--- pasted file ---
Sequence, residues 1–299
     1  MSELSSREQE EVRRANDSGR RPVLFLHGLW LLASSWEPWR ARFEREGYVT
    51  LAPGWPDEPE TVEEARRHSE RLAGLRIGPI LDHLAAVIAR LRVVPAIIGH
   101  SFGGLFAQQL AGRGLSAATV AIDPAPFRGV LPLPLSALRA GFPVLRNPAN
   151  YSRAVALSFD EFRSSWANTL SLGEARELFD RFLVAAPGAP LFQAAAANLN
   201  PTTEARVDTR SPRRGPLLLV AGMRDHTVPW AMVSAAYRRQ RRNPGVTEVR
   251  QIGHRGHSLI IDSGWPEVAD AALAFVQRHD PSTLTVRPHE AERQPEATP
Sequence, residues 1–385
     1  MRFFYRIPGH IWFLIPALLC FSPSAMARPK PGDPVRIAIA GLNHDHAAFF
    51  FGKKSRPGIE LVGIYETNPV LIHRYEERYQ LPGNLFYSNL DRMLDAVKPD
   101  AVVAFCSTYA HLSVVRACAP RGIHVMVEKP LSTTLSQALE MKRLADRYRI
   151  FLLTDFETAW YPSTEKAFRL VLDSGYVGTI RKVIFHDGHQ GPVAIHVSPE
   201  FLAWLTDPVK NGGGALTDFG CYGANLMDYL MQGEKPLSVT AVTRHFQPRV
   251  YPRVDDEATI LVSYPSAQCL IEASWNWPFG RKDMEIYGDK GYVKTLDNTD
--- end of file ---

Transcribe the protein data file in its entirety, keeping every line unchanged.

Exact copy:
Sequence, residues 1–299
     1  MSELSSREQE EVRRANDSGR RPVLFLHGLW LLASSWEPWR ARFEREGYVT
    51  LAPGWPDEPE TVEEARRHSE RLAGLRIGPI LDHLAAVIAR LRVVPAIIGH
   101  SFGGLFAQQL AGRGLSAATV AIDPAPFRGV LPLPLSALRA GFPVLRNPAN
   151  YSRAVALSFD EFRSSWANTL SLGEARELFD RFLVAAPGAP LFQAAAANLN
   201  PTTEARVDTR SPRRGPLLLV AGMRDHTVPW AMVSAAYRRQ RRNPGVTEVR
   251  QIGHRGHSLI IDSGWPEVAD AALAFVQRHD PSTLTVRPHE AERQPEATP
Sequence, residues 1–385
     1  MRFFYRIPGH IWFLIPALLC FSPSAMARPK PGDPVRIAIA GLNHDHAAFF
    51  FGKKSRPGIE LVGIYETNPV LIHRYEERYQ LPGNLFYSNL DRMLDAVKPD
   101  AVVAFCSTYA HLSVVRACAP RGIHVMVEKP LSTTLSQALE MKRLADRYRI
   151  FLLTDFETAW YPSTEKAFRL VLDSGYVGTI RKVIFHDGHQ GPVAIHVSPE
   201  FLAWLTDPVK NGGGALTDFG CYGANLMDYL MQGEKPLSVT AVTRHFQPRV
   251  YPRVDDEATI LVSYPSAQCL IEASWNWPFG RKDMEIYGDK GYVKTLDNTD